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image: Sweet Tooth Gene Tied to Less Body Fat

Sweet Tooth Gene Tied to Less Body Fat

By Kerry Grens | April 11, 2018

A study of more than 450,000 people finds a certain genetic variant associated with eating more carbs is linked to a thicker waist and higher blood pressure, but less fat.  

3 Comments

image: Fat Cells Travel to Heal Wounds in Flies

Fat Cells Travel to Heal Wounds in Flies

By Kerry Grens | February 28, 2018

Previously considered immobile, these cells swoop in to seal epithelial holes and clean up cellular detritus.  

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image: FDA Goes After Two Stem Cell Clinics

FDA Goes After Two Stem Cell Clinics

By Kerry Grens | August 29, 2017

The agency raided one that was using a stem cell-smallpox vaccine combo, and sent a warning to another to obey best practices.

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image: Olfaction Determines Weight in Mice

Olfaction Determines Weight in Mice

By Diana Kwon | July 5, 2017

Animals lacking a sense of smell stayed thinner than their smelling counterparts, despite eating the same amount.

1 Comment

image: Year in Review: Hot Topics

Year in Review: Hot Topics

By Jef Akst | December 21, 2015

In 2015, The Scientist dove deep into the latest research on aging, HIV, hearing, and obesity.

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image: Inside a Lab Mouse’s High-Fat Diet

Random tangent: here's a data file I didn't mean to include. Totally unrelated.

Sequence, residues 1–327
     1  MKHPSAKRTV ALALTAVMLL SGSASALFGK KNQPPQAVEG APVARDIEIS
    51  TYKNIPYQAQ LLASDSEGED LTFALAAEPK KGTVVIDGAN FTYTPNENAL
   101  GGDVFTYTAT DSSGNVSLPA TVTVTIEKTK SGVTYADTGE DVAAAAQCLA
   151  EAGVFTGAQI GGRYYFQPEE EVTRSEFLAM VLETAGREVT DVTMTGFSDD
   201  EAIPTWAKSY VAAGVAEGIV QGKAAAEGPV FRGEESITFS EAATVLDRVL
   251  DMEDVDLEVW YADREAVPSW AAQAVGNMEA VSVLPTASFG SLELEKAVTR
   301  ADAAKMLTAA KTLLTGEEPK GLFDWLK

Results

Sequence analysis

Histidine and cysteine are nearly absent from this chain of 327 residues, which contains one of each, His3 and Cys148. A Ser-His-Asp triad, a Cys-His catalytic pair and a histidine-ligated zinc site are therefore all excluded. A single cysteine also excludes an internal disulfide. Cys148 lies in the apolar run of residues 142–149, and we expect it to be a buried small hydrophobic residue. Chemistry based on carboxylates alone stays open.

Inside a Lab Mouse’s High-Fat Diet

By Kate Yandell | November 23, 2015

Researchers should pay closer attention to the diets they use to study obesity in mice, experts advise.

6 Comments

image: Adding Padding

Adding Padding

By Karen Zusi | November 1, 2015

Adipogenesis in mice has alternating genetic requirements throughout the animals’ lives.

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image: Fanning the Flames

Fanning the Flames

By Kate Yandell | November 1, 2015

Obesity triggers a fatty acid synthesis pathway, which in turn helps drive T cell differentiation and inflammation.

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image: Fat Saps Muscle

Fat Saps Muscle

By Tracy Vence | November 1, 2015

The accumulation of fat within skeletal muscle, as happens with obesity, diminishes muscle performance.

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image: Obesogens

Obesogens

By Kerry Grens | November 1, 2015

Low doses of environmental chemicals can make animals gain weight. Whether they do the same to humans is a thorny issue.

3 Comments

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